But as you say, there is both fear and joy around that stewardship. We have a team of admins and moderators for the main Forever35 Facebook group that approve posts and monitor comment threads around the clock, because I’ve seen so many large Facebook groups just go off the rails. Still, I’ll occasionally get an email from someone who’s indignant that a moderator rejected their post, or blocked them from the group because of their behavior, and they threaten that it’s a reflection on me — which of course, it is! But also, I have a responsibility to the thousands of other people in the main group and the spinoff groups, and that’s why there are rules in place to protect not just them, but also Kate (my Forever35 co-host) and me.
All that said, I would not trade the professional life I have now for anything. I’m incredibly lucky that I get to do this and that people have put their trust in me, and I’m well aware that it’s not going to last forever. Part of being your own “brand” in media is that you have to constantly be pushing and looking for the next thing, whether it’s writing another book or launching another podcast or doing a paid newsletter or whatever the next iteration of The Thing that everyone else who is their own brand is doing right now. It’s a grind and it can be overwhelming and exhausting, but ultimately, it’s mine.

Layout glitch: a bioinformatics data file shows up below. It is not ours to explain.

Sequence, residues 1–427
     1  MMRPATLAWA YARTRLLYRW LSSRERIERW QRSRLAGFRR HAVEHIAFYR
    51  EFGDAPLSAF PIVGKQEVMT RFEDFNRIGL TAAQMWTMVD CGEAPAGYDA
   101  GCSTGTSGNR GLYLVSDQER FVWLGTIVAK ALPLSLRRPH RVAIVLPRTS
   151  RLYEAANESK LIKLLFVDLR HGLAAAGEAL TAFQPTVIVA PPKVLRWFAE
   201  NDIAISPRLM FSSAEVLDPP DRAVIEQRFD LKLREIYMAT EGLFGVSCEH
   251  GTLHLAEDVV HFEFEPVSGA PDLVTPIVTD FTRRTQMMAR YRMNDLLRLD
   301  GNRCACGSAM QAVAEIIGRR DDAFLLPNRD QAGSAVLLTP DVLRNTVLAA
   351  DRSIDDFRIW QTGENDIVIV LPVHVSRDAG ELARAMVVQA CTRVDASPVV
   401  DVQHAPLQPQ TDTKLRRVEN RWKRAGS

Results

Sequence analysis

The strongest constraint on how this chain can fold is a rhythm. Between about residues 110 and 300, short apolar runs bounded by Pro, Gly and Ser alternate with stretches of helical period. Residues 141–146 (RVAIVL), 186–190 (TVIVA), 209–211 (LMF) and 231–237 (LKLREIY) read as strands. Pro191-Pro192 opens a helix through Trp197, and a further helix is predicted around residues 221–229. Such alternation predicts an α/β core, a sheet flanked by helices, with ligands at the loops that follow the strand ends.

I love the point in the book where you’re like, there is no way to be “chill” about infertility. It is not an accessible posture. That acknowledgment — plus the description of buying the black linen jumpsuit, and rejecting the male gaze on our own bodies that so many of us have internalized — felt at once familiar and revelatory to me. Do you think women are able to access these revelations earlier now, or is it still something that just takes decades?